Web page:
Meet Dr. Erika Marín-Spiotta — Standing up to Bias and Harassment

Tracey Holloway
Oct 18, 2018 · 4 min read

A Series of Essays about the Earth Science Women’s Network (#ESWN) and #Scienceathon

Today in my series of Science-a-Thon essays, I’ll continue profiling a few of my wonderful colleagues on the board of the Earth Science Women’s Network (ESWN). It is a true pleasure to introduce you to Dr. Erika Marín-Spiotta, who is actively improving the culture of science.

Most ESWN activities focus on supporting individuals in the current science system. But supporting women in science also means standing up against issues that hold them back.

Erika giving a talk on tropical soil carbon at USAID in 2010

Some of these issues are unique to science, like negative experiences of women working at remote field locations. Other issues mirror the wider culture, where bias and harassment may be overlooked or denied. With the #MeToo movement, there has been a greater awareness of sexual harassment across society and in science. Erika leads efforts to build a supportive culture and develop practical solutions.

Erika is amazingly effective at making change. She works within the science culture to identify pressure points — points where change can happen. Erika’s impact on the scientific community is award winning. She has received the Sulzman Award for Excellence in Education and Mentoring, the Association for Women Geoscientists President’s Award, and $1.1 Million from the National Science Foundation to lead an effort addressing sexual harassment in the geosciences.

Erika leads a discussion on changing the culture of science at the European Geophysical Union Meeting in 2018; Photo from Steffen Schweizer via Twitter

Despite her stature as a scientific leader, Erika never stops advocating for quieter voices. She advocates for more opportunity for graduate students, more awareness of bias, and more action on diversity, equity and inclusion. I’d like to say that Erika sticks up for the “little guy,” but she wouldn’t like using me using “guy” to refer to women, and she wouldn’t like the use of “little” to refer to anyone. And, she’d be right!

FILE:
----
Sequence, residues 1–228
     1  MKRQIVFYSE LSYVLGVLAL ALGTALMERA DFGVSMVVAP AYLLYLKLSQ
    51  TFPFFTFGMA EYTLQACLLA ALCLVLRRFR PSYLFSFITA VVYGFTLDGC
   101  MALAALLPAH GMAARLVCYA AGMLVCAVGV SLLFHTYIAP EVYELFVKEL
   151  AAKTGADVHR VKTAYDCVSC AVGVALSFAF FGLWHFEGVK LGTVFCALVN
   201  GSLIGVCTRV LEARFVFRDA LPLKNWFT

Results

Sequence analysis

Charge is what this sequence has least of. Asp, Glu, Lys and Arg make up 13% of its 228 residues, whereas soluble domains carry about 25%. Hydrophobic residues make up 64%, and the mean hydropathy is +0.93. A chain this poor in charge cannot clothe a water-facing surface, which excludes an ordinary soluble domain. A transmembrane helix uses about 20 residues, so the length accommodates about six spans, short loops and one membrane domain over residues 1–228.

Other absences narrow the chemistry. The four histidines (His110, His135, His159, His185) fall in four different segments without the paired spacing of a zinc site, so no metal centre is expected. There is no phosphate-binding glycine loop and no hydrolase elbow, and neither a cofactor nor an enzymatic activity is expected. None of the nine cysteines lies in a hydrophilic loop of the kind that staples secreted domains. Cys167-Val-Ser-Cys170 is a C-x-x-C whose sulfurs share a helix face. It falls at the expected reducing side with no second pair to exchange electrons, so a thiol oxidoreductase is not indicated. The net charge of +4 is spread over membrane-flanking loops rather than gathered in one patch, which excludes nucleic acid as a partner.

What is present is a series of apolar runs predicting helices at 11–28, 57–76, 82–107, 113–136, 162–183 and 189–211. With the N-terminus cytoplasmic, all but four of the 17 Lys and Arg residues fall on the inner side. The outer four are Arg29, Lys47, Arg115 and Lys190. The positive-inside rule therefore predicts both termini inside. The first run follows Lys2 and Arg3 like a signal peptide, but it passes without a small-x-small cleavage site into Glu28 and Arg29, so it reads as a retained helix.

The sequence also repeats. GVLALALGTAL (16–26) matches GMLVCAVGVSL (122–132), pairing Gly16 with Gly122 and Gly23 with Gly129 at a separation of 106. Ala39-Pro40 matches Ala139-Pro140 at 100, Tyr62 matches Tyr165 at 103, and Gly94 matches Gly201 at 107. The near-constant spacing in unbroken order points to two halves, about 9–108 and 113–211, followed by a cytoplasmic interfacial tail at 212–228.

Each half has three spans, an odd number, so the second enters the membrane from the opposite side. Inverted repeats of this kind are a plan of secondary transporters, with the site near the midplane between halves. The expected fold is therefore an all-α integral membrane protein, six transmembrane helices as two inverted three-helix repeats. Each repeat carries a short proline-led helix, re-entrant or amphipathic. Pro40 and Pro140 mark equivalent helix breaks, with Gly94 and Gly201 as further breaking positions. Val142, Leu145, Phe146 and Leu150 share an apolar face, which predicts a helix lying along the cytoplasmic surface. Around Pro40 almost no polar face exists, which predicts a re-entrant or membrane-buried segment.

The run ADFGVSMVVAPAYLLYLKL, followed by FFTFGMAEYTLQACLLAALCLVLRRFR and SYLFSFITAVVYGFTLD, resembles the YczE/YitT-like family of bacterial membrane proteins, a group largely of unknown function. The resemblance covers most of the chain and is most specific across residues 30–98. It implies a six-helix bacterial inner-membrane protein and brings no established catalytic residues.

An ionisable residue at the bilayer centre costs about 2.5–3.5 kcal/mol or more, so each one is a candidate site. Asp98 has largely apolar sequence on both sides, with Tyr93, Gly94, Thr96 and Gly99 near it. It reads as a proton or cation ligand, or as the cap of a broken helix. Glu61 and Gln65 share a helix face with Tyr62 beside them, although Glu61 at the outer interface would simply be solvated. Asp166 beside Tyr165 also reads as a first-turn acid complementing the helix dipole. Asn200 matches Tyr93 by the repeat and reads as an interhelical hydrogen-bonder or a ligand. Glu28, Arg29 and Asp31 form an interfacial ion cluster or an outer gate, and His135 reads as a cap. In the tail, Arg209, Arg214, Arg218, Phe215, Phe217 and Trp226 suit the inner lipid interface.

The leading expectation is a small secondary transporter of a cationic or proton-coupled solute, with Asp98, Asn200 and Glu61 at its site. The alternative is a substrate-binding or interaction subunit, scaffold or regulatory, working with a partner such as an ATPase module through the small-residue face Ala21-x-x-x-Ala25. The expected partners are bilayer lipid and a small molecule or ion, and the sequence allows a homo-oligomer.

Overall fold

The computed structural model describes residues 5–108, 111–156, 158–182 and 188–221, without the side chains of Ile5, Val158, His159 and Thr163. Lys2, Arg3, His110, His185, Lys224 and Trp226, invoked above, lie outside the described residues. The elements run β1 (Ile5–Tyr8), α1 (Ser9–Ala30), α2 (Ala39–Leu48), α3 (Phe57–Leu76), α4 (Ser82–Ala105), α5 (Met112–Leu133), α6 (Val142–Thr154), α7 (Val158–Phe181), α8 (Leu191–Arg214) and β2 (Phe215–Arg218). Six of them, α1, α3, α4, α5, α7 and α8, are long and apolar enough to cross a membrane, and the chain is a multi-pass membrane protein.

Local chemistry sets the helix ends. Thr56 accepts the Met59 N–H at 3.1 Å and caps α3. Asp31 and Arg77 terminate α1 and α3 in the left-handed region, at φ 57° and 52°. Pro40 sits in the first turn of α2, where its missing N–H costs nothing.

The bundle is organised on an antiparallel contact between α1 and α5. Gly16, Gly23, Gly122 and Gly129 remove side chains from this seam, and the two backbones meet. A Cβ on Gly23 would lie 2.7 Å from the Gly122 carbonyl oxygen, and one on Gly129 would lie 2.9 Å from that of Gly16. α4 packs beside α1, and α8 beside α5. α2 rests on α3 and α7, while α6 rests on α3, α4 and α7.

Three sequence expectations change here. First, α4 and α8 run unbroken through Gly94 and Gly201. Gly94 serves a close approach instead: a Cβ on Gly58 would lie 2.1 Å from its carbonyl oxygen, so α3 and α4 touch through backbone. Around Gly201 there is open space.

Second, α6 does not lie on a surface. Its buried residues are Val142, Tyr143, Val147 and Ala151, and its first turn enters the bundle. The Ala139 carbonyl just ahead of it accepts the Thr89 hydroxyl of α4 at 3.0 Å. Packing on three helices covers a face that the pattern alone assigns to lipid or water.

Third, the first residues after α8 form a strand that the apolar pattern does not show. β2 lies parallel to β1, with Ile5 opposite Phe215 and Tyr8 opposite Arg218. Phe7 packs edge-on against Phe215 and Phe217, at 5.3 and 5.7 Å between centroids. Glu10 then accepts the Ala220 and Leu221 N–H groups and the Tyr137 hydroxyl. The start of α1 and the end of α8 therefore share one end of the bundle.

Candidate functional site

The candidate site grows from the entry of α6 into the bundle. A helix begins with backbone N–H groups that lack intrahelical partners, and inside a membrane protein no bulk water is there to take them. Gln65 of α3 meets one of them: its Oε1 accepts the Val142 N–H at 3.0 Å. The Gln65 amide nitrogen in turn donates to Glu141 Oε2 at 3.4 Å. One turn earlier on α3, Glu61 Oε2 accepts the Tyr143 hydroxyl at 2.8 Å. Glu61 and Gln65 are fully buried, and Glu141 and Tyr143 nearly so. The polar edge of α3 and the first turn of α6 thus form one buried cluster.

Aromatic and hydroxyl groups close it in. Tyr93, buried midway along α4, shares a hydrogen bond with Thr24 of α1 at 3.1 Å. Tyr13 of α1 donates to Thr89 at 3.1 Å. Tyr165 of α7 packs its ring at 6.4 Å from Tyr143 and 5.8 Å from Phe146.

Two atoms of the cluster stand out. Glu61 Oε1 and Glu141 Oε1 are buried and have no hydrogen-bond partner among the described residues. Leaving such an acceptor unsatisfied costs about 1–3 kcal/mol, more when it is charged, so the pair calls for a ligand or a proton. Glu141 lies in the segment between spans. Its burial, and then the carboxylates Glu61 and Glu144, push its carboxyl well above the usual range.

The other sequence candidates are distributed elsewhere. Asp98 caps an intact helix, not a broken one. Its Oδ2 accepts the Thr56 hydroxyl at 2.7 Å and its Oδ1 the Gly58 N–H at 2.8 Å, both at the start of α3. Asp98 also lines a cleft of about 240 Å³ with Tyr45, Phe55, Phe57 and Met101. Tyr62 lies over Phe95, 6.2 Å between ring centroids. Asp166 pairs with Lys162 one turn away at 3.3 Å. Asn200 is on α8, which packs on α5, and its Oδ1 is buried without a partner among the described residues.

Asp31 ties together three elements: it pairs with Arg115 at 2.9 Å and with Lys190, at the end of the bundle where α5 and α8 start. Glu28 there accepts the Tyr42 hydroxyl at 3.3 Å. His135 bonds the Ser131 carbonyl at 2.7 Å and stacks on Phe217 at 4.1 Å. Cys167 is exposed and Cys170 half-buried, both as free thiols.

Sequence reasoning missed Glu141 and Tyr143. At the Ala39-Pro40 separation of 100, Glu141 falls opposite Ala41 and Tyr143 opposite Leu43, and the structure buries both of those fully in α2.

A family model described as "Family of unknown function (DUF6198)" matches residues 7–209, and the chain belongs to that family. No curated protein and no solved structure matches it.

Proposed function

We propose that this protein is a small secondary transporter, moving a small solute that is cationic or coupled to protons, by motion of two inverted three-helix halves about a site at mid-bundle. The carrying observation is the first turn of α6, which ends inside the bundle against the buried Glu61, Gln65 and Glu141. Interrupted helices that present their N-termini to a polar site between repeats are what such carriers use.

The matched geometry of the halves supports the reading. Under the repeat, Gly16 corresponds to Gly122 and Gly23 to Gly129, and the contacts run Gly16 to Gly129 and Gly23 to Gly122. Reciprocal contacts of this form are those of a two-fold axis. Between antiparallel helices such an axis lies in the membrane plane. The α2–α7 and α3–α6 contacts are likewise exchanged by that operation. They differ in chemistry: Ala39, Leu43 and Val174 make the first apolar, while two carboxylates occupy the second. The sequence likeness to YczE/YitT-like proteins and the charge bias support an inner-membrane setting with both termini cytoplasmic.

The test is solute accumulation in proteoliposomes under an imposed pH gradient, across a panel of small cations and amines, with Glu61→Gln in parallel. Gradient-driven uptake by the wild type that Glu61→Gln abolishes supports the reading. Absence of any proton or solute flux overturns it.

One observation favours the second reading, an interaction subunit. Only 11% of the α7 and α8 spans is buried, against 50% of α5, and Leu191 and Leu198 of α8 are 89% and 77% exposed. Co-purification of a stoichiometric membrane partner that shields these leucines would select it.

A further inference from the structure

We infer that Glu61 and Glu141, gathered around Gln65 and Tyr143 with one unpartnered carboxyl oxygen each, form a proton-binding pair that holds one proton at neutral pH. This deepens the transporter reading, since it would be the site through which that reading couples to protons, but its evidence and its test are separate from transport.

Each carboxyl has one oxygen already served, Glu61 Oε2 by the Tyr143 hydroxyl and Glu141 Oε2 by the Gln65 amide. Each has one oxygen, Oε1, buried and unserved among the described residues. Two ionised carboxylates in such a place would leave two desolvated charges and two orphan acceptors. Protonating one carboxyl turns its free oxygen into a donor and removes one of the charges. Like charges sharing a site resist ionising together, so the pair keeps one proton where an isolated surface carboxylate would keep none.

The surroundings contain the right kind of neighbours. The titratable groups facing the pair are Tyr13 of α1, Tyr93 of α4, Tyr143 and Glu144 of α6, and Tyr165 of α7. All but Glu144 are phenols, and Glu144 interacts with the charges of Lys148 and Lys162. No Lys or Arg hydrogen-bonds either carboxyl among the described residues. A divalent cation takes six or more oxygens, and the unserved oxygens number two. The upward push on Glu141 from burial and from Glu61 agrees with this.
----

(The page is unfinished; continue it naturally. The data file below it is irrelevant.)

Even when Erika joined the ESWN Board, I had only met her remotely. She posted lots of jobs on the ESWN jobs board, thoughtful advice in online ESWN discussions, and we talked over the phone to plan ESWN events at scientific meetings. I love working with Erika — she is professional and warm, diplomatic and direct.

Erika, second from left, with other members of ESWN Board and colleagues on her NSF grant to combat harassment in science

So in 2009 I was thrilled to learn that she had been hired at my university! I was already a professor at the University of Wisconsin — Madison, and I could not believe my good fortune to have Erika in town. Not just another ESWN ally, but one of the most engaging and effective scientists I knew. A new friend with a great personality and cool hobbies like salsa dancing.

Today, much of Erika’s work for ESWN focuses on her $1.1 Million NSF grant to combat sexual harassment in science. Erika leverages her leadership of ESWN and works with other major organizations including the Association for Women Geoscientists and the American Geophysical Union.

The four-year project develops training for “bystander intervention,” — what to do if you see or hear signs of harassment in your lab or department. By talking about the problem of bias and harassment, Erika’s work raises awareness and develops practical strategies to create a positive climate. Despite the support from the NSF, all funding for this important work will run out in about three years.

We are working to raise funds for ESWN so that Erika’s solutions-oriented work and advocacy can have a greater impact. Imagine if scientists from around the world were trained in the proven-success methods Erika and her team are developing?

It is a testament to the power of ESWN that a leader like Erika chooses to give so much time, energy, and love to our organization. Through Erika, and the many other change-makers volunteering for ESWN, we are supporting not just scientists, but science itself.

Please consider supporting ESWN at https://www.crowdrise.com/o/en/campaign/science-a-thon-2018

About the author: Tracey Holloway is the Gaylord Nelson Distinguished Professor at the University of Wisconsin-Madison, and a founding member of ESWN. She currently leads Science-A-Thon, the only major fundraiser for ESWN, going on October 15–19. Scienceathon.org

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Tracey Holloway is the Gaylord Nelson Distinguished Professor at the University of Wisconsin-Madison, and on the Board of ESWN. She leads Scienceathon.org

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